2. Making the teams’ logos was also complicated. Not impossible, but it required a hack.
3. It is literally impossible to make this a rolling line graph. I have NO idea why. I searched around and found pseudo-hacks, but for a game to game basis this was actually impossible.
4. I wanted to add more teams; but I thought it would get cluttered. Another problem was that I couldn't group things. I wanted to do hierarchical analysis, where you could compare the NL East, the NL, and the NL wild card. However, for reasons not known to me, I couldn't do this. Apparently Tableau has this feature, but it wouldn't work.
5. The play feature doesn't work on the web. There should be a 'play button' that will moves from game 1 until game 126. This was a huge downer for me. Mainly because I didn't realize the 'Public Version' lacked this functionality.
My view on Tableau :
As companies continue to think “big picture”, they need a “big picture”. That is where tableau succeeds. Unlike Excel, Tableau is quite good at handling more than a million records. It can do some pseudo-sql and allows the users to drag and drop data. That being said, Tableau is somewhere between Excel and say D3 (which I love). A person not familiar with programming can use it, but it allows people to devote 40 hours a week on making reports that are palatable. Most proprietary software, Tableau included, is slow to adjust to new trends. Design teams function because they design fast. When branding your company, you need to think abouttomorrow not today. Tableau 7 still struggles to use newer types of visualizations like word clouds and bubble charts. Rumour has it Tableau 8 has these features, but that requires (ughh) a new license.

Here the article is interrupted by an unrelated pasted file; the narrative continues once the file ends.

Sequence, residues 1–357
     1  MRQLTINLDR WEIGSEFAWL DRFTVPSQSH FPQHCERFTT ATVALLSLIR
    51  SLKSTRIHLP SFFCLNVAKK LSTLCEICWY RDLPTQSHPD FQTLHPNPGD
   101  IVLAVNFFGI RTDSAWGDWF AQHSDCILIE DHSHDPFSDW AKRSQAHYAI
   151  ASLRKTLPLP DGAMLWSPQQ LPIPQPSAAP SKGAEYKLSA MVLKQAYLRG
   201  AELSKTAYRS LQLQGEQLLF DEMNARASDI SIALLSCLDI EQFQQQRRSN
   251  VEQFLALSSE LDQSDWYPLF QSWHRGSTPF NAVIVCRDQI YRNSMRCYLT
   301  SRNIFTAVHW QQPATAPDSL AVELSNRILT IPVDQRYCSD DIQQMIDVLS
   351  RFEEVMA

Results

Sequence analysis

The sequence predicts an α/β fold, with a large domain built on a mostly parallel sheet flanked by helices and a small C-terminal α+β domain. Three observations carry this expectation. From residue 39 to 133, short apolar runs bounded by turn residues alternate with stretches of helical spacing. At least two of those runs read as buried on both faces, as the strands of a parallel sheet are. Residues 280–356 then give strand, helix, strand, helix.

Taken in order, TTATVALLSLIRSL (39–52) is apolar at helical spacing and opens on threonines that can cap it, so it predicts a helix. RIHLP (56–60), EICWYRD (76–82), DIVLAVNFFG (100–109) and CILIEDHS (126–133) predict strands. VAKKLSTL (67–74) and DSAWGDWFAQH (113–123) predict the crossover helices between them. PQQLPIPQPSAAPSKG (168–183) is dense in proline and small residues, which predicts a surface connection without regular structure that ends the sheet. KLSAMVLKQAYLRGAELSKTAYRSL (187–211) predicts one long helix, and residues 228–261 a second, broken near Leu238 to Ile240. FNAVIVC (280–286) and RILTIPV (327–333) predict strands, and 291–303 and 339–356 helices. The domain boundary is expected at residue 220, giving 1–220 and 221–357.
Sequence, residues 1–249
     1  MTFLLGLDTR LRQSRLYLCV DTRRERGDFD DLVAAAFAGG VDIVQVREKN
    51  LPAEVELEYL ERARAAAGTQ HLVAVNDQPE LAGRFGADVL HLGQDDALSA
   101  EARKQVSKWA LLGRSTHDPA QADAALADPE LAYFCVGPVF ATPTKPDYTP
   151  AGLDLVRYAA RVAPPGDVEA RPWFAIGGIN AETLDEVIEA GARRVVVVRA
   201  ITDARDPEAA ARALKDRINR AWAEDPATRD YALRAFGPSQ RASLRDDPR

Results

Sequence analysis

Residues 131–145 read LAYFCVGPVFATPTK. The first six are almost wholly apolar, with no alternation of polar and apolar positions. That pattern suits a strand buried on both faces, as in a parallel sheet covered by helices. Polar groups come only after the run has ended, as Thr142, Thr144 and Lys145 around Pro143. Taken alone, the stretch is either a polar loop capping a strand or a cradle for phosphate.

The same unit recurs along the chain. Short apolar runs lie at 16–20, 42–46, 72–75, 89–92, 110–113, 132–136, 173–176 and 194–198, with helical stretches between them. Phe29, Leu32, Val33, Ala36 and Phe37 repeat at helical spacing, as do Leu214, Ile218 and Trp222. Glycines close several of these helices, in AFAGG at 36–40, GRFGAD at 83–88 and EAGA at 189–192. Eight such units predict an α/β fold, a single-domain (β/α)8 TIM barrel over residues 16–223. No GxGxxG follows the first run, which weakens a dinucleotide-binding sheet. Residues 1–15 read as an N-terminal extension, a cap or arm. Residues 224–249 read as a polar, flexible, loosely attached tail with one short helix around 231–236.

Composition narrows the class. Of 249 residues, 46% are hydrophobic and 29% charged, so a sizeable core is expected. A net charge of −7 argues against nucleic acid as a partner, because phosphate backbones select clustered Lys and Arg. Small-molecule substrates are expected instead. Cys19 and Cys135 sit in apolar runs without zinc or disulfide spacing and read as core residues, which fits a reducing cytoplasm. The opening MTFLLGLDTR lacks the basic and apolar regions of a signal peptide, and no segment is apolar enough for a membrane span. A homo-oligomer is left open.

Stackoverflow is the new F1:
I had a college professor who never required a textbook, which was simultaneously great and horrible. It was great because I didn't have to spend $300+ on a book that I would likely read once, but it sucked because we did not have reference material. He would always say, “F1 (which is the help button) is your textbook.” When working for a company, they rarely tell you to use F1. So, you generally have a few options. You can ask to the company expert in that software, you can call the software vendor for customer support or you can Google it (which ultimately takes you to stackoverflow). The open community seems to be hurting the software companies. Before the internet people had to find that person, now it’s much easier. With a simple web query, you no longer need customer support, which means you may not need the special software.